Luke’s handling of the baptism scene makes it the least coherent of the three Synoptic forms. In the Marcan account Jesus "saw the heavens rent" and the Spirit descending on him like a dove; the heavenly voice addresses him directly (in the second sg.), "You are my son …" It is thus a vision accorded to Jesus alone. Luke follows Mark in that the voice is addressed to Jesus alone; but the "opening" of the heavens is recounted as an observable event, and the reality of the descending Spirit is stressed by the added phrase, "in bodily form." In Matthew, however, the vision has become an epiphany or public manifestation: the opening of heaven is recounted as an observable event, and the heavenly voice proclaims to all present, "This is my son.…" The Lucan form of the account is thus peculiar, being no longer a vision accorded solely to Jesus (as in Mark) nor yet the public manifestation (as in Matthew). F.-L. Lentzen-Deis (Die Taufe Jesu, 284–286) thinks that Luke has altered the form from a Deute-Vision (in Mark) to an Epiphanie because of his non-Jewish Hellenistic readers, who would not have understood the former. This is, however, far from clear.

The main purpose, then, of the baptism scene in the Lucan Gospel is to announce the heavenly identification of Jesus as "Son" and (indirectly) as Yahweh’s Servant. The descent of the Spirit upon him is a preparation for the ministry, the "beginning" of which is noted in the immediately following context (v. 23). His being fitted out with the Spirit will be noted again in 4:1, 14, as the ministry gets under way.

There are, however, two other aspects of this episode that have to be commented on. The first is the implication of Jesus’ baptism. In the Lucan context Jesus is associated with "all the people" who thronged to John for baptism (3:21; cf. 3:7), i.e. to submit themselves to the ritual washing for "the forgiveness of sins" (3:3). Why is Jesus depicted submitting to this rite? (This question is often posed in terms of Stage I of the gospel tradition, i.e. about the historical Jesus; but once again, the answer can only be given in terms of the way in which the evangelists have presented this scene, in terms of Stage III of that tradition.)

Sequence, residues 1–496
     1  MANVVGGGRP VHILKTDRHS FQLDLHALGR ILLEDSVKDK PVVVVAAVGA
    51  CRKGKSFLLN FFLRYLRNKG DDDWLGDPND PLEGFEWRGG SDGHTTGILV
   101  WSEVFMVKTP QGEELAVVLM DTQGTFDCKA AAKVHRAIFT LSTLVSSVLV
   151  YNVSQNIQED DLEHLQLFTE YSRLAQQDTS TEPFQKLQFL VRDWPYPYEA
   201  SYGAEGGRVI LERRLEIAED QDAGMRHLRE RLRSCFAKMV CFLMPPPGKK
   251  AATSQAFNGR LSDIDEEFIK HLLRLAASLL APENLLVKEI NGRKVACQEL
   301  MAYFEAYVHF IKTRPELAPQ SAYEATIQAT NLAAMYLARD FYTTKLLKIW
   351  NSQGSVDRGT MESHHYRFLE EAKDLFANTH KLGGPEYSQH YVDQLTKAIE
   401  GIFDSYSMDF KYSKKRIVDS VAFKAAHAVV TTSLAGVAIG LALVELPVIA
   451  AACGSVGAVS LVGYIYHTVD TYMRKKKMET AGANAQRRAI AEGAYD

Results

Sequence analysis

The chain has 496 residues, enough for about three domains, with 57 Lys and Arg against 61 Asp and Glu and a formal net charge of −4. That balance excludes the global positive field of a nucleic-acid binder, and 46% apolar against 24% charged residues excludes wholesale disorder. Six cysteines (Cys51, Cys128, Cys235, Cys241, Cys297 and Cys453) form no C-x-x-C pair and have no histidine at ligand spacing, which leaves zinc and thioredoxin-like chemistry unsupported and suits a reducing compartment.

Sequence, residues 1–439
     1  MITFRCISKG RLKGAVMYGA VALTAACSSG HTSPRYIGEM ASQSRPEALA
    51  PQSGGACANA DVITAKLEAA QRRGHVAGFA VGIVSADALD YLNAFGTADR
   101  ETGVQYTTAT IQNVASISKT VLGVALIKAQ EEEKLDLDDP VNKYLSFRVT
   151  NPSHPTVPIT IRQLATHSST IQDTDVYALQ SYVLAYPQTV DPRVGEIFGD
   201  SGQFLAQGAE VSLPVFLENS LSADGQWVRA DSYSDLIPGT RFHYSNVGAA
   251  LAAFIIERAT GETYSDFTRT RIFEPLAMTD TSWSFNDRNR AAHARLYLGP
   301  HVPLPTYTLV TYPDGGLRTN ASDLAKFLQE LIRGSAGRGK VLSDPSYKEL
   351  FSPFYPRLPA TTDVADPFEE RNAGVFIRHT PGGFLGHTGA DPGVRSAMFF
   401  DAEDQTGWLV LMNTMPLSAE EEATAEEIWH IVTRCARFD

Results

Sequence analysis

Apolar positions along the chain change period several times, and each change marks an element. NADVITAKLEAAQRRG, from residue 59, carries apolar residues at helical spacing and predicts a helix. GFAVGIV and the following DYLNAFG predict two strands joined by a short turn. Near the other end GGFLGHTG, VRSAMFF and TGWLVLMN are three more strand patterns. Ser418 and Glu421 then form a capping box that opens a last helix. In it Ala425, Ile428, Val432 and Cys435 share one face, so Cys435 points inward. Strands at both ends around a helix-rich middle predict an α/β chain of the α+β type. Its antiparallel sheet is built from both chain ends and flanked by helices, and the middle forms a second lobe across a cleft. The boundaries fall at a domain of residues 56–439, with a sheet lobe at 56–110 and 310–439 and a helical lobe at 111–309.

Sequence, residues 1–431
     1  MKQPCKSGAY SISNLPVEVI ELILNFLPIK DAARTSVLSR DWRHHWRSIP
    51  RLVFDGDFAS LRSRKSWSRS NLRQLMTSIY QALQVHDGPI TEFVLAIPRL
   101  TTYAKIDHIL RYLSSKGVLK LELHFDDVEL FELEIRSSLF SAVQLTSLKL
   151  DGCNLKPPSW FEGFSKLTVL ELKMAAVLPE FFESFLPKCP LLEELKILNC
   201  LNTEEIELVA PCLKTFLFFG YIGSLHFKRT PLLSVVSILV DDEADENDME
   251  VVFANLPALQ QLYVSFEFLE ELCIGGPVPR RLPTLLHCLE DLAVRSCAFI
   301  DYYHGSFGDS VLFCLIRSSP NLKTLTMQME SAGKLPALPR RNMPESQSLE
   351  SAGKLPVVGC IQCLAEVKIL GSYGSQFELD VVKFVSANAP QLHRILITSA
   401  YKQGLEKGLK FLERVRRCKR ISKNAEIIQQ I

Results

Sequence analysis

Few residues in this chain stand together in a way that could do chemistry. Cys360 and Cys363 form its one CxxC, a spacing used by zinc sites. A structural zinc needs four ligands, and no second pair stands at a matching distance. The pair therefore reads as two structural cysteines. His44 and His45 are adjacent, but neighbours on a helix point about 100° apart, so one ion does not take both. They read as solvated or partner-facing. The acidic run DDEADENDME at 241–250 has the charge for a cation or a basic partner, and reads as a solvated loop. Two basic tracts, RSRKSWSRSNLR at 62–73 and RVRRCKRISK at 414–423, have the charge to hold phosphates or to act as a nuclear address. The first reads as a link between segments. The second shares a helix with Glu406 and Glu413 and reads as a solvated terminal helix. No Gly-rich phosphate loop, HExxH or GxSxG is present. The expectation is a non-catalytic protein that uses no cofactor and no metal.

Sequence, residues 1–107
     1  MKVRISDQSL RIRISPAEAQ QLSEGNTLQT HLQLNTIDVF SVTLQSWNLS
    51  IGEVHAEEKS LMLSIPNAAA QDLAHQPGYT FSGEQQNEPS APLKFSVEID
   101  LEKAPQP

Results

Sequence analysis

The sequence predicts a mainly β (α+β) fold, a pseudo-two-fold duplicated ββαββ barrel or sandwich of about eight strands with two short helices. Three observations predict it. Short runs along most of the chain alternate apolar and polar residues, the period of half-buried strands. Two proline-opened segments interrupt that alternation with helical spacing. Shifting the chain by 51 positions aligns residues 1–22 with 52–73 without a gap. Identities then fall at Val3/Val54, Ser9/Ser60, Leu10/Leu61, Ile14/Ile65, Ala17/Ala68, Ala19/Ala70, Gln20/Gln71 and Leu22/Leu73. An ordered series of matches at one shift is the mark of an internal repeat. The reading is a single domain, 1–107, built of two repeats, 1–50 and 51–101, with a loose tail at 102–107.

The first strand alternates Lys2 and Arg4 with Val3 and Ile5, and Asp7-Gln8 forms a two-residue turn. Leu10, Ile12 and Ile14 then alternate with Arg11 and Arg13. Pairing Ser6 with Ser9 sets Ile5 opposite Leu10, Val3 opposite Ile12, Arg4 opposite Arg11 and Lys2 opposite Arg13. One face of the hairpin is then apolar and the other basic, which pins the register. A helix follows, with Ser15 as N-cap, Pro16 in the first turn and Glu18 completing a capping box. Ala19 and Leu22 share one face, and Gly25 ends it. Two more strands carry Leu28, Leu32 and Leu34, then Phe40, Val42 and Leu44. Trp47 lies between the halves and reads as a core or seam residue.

Answers have been given to the question in various ways: (a) The evangelists wanted to portray Jesus as a person conscious of sin, yet recognizing in John’s call for repentance an opportunity for personal conversion. Even if such a view of the man Jesus finds a sympathetic resonance in modern readers, it runs counter to all that the early Christian tradition has recorded about Jesus’ consciousness of sin (e.g. John 8:46; 2 Cor 5:21; Heb 4:15; 7:26; 9:14). (b) The evangelists wanted to portray Jesus as approving of John’s ministry and recognizing it as a manifestation of God’s will for the salvation of people. Though this answer may contain an element of truth in it (see Luke 20:4–7), it is more suited to the Matthean form of the story (with its compositional addition of 3:14–15) than to either the more primitive form of Mark or the Lucan form, (c) The evangelists portray Jesus as a sort of disciple of John, accepting his baptism as a mark of initial association with him and recognizing it as a preparatory stage of his own ministry. This view would not fit into Conzelmann’s sharply drawn division of ministries of John and Jesus in the Lucan Gospel; but it is not excluded by any of the Synoptic accounts (even Luke 3:21 could be so understood), and it finds support in the Johannine tradition (see John 1:29–50; 3:26). (d) The evangelists depict Jesus submitting to John’s baptism as a symbolic anticipation of his passion and the expiatory significance that it would have—associating with the "outlaws" of Isa 53:12 for whom his life would be poured out. This might seem to be supported by the allusion to a "baptism" (see Luke 12:50) that Jesus still has to undergo (in his passion and death). But it is reading far more into the scene than the text itself will support. If there is an allusion to the Servant of Yahweh in 3:22, it does not immediately take on all the possible nuances of that figure’s role. Of these various answers the third is the one that is most suited to the Lucan context.